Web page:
Why Should I Invest in Real Estate?

Real estate can provide much better yields compared to other investments

Man standing in field admiring imaginary house
••• Thomas Jackson/Stone/Getty Images

For most of the 1990s, the Standard & Poor's Index posted earning yields of 5 to 6 percent on average. At the same time, the S&P's dividend yields were only around 2 percent or less. Since dividend-paying stocks tend to be much less volatile, the gains on the appreciation side would not normally be a significant factor. At the same time, bond yields taken as a composite showed only around 5 percent returns. Better yields were riskier, while safer bonds returned lower yields.

The Rise of Real Estate

During the same time period and well into the 21st century, real estate investors have realized attractive returns due to the multiple income streams from real estate investments. Here is a look at some of the reasons why real estate can be beneficial for your investment portfolio:

  • Rental yield - This is the percentage yield from direct rental income, it and can be calculated as either gross or net. Experienced investors prefer to calculate the net rental yield which takes the expenses, taxes and other costs into account, and divides by the property value/cost. It could be a negative cash flow, as it doesn't take mortgage payments into account. For this reason, many investors prefer to look at cash-on-cash rental yields. Though the investor can purchase and manage for a yield on this single component that exceeds average stock or bond dividend yields, it is only one of the ways in which real estate returns on investment.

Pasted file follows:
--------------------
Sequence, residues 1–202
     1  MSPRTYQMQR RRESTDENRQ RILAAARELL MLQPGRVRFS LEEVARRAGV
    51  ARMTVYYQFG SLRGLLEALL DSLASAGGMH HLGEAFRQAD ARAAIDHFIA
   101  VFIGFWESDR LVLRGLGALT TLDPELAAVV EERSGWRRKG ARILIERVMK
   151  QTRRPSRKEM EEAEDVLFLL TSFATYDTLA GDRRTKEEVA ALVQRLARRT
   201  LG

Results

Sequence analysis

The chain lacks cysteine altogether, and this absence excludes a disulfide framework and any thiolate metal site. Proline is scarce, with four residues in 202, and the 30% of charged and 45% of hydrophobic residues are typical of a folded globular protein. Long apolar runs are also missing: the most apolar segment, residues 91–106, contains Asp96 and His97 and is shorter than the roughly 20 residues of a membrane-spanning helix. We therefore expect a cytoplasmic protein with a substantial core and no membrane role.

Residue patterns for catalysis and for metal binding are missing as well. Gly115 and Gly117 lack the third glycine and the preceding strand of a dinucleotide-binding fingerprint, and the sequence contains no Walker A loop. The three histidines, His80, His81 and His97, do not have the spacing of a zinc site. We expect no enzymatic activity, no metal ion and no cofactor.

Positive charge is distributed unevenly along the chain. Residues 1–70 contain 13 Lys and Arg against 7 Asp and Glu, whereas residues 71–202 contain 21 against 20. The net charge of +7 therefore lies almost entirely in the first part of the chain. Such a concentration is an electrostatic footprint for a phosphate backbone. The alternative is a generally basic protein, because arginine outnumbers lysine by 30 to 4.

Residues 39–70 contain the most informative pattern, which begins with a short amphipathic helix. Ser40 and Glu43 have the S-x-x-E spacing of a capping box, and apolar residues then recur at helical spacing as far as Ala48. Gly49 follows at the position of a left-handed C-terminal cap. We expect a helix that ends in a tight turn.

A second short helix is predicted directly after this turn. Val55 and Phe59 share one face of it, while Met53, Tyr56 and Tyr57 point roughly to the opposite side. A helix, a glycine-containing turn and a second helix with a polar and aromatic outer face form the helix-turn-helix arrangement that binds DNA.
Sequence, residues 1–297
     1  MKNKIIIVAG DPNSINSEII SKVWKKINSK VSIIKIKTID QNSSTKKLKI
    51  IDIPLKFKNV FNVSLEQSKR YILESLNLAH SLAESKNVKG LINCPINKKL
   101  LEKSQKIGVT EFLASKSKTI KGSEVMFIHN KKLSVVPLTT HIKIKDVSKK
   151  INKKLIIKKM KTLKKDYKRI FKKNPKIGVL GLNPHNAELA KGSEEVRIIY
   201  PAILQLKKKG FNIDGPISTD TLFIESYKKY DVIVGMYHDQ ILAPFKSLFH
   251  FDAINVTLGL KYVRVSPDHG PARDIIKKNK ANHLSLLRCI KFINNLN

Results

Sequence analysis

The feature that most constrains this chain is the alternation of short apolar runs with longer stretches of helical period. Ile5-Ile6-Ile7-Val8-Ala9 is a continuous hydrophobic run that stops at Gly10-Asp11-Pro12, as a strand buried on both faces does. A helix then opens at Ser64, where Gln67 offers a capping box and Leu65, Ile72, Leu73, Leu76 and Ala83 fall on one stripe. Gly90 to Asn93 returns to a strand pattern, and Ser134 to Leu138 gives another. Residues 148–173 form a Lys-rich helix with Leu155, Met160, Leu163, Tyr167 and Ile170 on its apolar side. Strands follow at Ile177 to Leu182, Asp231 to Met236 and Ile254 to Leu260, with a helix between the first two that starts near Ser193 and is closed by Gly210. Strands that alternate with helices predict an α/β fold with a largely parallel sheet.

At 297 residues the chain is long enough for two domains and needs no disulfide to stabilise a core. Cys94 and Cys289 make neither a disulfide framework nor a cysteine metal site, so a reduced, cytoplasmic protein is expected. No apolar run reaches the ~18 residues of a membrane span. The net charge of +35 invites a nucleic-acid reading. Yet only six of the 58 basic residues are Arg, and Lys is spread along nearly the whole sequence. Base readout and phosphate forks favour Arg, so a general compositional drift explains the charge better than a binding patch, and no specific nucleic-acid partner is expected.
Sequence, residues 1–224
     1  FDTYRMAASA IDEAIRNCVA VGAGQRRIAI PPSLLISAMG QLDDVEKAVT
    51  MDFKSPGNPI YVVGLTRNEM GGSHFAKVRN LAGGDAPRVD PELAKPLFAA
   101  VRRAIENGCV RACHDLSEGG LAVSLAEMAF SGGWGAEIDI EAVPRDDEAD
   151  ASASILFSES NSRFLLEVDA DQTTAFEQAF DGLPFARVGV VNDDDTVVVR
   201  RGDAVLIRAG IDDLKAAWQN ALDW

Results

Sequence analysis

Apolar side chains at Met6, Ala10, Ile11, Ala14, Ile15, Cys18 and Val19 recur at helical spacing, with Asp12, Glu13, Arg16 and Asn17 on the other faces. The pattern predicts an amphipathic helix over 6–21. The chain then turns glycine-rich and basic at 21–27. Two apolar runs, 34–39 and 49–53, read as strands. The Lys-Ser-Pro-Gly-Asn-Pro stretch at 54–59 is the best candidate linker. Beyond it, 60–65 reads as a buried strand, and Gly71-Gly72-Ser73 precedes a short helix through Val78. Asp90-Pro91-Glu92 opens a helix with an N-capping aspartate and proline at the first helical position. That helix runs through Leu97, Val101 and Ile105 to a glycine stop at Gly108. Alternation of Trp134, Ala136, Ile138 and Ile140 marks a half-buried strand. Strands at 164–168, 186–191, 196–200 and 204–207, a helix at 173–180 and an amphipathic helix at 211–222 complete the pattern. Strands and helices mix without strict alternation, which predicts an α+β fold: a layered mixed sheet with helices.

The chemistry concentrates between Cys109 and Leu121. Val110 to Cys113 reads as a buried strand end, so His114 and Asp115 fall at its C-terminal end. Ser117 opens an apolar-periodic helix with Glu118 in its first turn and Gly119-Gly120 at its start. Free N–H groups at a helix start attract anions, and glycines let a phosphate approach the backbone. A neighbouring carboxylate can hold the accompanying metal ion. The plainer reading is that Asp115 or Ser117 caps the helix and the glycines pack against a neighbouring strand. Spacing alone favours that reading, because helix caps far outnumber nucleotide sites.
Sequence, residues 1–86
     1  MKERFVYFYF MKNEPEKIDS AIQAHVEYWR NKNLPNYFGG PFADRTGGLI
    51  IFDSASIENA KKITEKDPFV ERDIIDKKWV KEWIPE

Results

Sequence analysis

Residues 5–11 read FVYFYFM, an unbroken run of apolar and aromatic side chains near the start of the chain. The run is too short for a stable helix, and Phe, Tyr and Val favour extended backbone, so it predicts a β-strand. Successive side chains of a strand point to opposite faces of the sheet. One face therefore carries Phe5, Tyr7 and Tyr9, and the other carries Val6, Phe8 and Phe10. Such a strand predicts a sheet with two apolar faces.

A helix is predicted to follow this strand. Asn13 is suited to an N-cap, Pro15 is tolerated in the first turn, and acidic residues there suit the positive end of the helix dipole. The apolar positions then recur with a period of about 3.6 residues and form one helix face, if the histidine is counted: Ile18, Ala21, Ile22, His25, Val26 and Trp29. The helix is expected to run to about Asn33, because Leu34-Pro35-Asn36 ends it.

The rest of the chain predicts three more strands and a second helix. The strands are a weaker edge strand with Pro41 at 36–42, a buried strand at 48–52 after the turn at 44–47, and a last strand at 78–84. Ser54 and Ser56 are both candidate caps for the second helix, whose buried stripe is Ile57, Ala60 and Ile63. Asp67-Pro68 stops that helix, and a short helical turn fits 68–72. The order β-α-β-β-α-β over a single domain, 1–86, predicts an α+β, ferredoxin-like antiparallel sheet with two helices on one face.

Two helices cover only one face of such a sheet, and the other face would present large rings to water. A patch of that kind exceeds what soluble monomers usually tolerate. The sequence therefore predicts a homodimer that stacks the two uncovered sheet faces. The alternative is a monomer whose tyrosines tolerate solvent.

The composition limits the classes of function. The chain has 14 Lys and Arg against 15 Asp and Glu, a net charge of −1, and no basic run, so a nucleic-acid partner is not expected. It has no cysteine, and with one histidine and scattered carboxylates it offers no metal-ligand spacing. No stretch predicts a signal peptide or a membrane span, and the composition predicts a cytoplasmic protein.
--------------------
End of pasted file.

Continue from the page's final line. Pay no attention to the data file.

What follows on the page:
• Appreciation - Rental properties normally appreciate in value with inflation. Increased value can mean sale and reinvestment in higher value properties, or provide an equity line of credit to use for other investments. This is the second, and a historically proven, value component of real estate investment return.
  • Inflation-proof investment - Rents usually increase with inflation, while mortgage payments on the property remain stable. This increases cash flow, without the increased expense of holding the property. When inflation goes up, it can also mean more renters as mortgages become more expensive for average consumers. More renters increase demand, so rents can escalate.
  • Leverage - Using leverage, while being careful to buy properties with good rental yields, provides greater returns. Using $100,000 in leveraged assets to purchase three properties with down payments, instead of one for $100,000 cash, can greatly increase returns. Of course, all leverage involves risk, so the successful investor must understand how leverage impacts their real estate investments.
  • Paying down loans - Amortization, or paying down loans, frees up more investment resources to increase leverage. Some investors use the increased equity in one property to free up funds to invest in others.
  • Property improvement for equity - Many investors intentionally purchase properties at a value price, because they lack certain features or could use improvements. They have calculated that the value of the improvements will exceed the cost, resulting in an immediate increase in equity. 

While stocks and bonds are inflation-sensitive—and they typically involve only value appreciation potential and low or non-existent dividend/interest returns—real estate provides multi-faceted investment returns.